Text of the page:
alexa Update on mitochondrial toxicity: where are we now?
Microbiology

Microbiology

Journal of Antivirals & Antiretrovirals

Author(s): Walker UA

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Abstract Long-term alterations to body metabolism have become apparent with the prolonged use of antiretroviral nucleoside analogue reverse transcriptase inhibitors (NRTIs). The NRTIs differ in the mechanisms, potency and probably also tissue specificity of mitochondrial toxicity. One group of NRTIs, the so-called "d-drugs" (zalcitabine> didanosine>stavudine) are relatively strong inhibitors of g-polymerase and thus cause a time- and dose-dependent decrease in the intracellular levels of mitochondrial DNA (mtDNA). The most important target organs of d-drugs are the liver, skeletal muscle, peripheral nerves and probably also the subcutaneous adipose tissue of lipoatrophic subjects. Hyperlactataemia may be observed. Zidovudine is an inhibitor of the mitochondrial adenine nucleotide translocator, binds to adenylate kinase and may also be converted into stavudine triphosphate in vivo. Persistent hyperlactataemia, mtDNA depletion and isolated cases of mitochondrial encephalomyopathies have been observed in babies under perinatal exposure with zidovudine. Nucleotide analogues such as tenofovir are avidly taken up into renal tubular epithelia. Isolated cases of renal failure and Fanconi syndrome require further investigation. Mitochondrial toxicity cannot yet be adequately monitored and predicted. Drugs with potential additive or synergistic toxicity, such as valproate, should be used with caution. Didanosine interacts with allopurinol, hydroxyurea and ribavirin. In established mitochondrial toxicity, cessation of the offending NRTI remains the most effective therapeutic intervention because vitamin cocktails and l-carnitine have, at best, only a marginal effect.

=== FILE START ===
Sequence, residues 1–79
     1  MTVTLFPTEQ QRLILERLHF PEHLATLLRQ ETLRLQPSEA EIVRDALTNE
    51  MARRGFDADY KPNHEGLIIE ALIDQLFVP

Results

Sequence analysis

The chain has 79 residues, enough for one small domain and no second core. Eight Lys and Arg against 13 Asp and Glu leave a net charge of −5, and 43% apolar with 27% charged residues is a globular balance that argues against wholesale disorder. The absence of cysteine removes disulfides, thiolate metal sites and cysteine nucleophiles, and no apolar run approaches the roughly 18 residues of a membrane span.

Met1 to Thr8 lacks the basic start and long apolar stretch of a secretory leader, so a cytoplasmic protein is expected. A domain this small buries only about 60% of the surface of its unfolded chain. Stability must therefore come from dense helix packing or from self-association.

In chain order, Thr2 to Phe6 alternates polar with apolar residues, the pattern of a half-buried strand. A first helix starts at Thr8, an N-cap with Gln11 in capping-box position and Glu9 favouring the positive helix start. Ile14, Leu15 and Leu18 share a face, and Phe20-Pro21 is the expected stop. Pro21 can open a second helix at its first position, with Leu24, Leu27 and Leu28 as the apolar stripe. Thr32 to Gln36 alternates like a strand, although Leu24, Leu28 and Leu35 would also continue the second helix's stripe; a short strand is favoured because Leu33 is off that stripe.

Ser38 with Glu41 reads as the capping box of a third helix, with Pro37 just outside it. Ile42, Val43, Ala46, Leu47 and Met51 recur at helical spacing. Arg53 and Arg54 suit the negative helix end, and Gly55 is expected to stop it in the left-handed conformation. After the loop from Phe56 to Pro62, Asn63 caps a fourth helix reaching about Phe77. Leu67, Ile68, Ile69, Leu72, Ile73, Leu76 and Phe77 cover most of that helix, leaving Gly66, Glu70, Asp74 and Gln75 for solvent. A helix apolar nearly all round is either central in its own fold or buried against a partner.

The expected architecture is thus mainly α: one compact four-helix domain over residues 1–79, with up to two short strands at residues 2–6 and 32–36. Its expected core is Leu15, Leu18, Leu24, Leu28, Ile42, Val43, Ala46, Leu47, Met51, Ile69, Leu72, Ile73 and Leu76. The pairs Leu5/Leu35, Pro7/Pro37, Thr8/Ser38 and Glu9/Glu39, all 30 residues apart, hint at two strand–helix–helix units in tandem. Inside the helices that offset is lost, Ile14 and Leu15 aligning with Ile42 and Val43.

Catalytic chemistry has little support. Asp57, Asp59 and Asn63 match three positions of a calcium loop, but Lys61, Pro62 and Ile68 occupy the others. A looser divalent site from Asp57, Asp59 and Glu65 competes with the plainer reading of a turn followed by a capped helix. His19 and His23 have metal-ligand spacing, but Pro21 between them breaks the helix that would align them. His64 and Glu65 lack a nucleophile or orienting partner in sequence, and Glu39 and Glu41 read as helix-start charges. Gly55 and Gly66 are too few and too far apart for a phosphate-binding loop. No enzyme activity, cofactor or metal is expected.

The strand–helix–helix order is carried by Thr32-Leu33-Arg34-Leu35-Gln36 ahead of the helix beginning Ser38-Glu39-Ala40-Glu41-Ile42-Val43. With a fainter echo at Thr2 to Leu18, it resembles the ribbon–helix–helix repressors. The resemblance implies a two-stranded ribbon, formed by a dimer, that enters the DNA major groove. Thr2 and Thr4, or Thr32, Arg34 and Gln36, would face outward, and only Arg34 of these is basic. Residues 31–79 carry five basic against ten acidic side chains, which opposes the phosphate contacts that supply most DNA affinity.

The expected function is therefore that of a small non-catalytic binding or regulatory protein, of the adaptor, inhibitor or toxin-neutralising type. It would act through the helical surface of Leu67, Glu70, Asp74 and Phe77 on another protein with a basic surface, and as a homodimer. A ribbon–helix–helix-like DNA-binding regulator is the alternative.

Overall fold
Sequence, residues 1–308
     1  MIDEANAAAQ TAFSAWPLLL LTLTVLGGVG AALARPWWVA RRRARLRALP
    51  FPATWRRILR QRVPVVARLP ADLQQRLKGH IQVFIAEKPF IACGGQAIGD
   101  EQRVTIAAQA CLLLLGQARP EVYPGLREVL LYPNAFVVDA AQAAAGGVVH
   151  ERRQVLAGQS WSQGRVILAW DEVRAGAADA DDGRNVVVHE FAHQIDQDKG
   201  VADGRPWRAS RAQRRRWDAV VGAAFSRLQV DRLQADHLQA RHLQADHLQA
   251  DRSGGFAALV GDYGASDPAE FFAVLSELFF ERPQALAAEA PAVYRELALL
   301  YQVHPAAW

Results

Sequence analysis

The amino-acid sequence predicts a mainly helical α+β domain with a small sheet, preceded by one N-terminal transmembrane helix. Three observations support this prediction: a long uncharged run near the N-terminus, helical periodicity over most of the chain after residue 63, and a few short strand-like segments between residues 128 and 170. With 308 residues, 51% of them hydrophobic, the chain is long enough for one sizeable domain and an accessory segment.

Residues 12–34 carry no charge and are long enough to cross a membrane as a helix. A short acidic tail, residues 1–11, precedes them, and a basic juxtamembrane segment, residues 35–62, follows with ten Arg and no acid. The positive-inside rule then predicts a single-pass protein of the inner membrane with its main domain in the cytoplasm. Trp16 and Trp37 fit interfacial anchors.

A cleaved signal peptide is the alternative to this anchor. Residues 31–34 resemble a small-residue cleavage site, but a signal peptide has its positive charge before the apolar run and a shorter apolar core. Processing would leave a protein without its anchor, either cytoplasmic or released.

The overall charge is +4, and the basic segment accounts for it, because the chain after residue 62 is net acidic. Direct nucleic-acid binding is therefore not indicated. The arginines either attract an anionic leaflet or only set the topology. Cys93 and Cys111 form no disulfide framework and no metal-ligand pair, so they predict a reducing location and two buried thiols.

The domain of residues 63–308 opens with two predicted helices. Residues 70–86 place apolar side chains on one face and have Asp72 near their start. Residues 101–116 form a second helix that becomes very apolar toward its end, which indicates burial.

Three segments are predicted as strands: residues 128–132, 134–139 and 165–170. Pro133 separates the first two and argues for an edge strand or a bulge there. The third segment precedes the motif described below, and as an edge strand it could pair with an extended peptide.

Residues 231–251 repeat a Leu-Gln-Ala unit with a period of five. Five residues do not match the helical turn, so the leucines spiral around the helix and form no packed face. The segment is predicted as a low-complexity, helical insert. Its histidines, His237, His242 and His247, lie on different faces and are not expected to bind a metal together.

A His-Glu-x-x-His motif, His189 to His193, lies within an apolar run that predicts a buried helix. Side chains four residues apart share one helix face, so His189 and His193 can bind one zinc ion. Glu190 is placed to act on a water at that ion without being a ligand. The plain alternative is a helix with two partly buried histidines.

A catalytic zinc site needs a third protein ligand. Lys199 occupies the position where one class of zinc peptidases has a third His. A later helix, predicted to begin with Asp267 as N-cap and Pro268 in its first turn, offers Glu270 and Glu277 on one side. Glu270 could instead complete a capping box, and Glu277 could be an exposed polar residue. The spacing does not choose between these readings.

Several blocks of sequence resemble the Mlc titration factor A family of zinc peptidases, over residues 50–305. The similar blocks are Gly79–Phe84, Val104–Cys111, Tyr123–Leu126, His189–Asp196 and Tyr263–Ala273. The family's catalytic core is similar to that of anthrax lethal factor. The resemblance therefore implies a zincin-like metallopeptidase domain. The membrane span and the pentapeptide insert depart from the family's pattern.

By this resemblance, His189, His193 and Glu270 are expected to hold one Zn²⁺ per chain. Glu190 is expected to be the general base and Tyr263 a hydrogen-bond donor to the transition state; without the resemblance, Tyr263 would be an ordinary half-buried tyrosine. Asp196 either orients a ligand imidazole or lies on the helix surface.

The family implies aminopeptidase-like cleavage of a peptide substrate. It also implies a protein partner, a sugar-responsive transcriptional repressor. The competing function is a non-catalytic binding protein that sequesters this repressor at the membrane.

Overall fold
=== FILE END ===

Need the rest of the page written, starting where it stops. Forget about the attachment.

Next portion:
This article was published in J HIV Ther and referenced in Journal of Antivirals & Antiretrovirals

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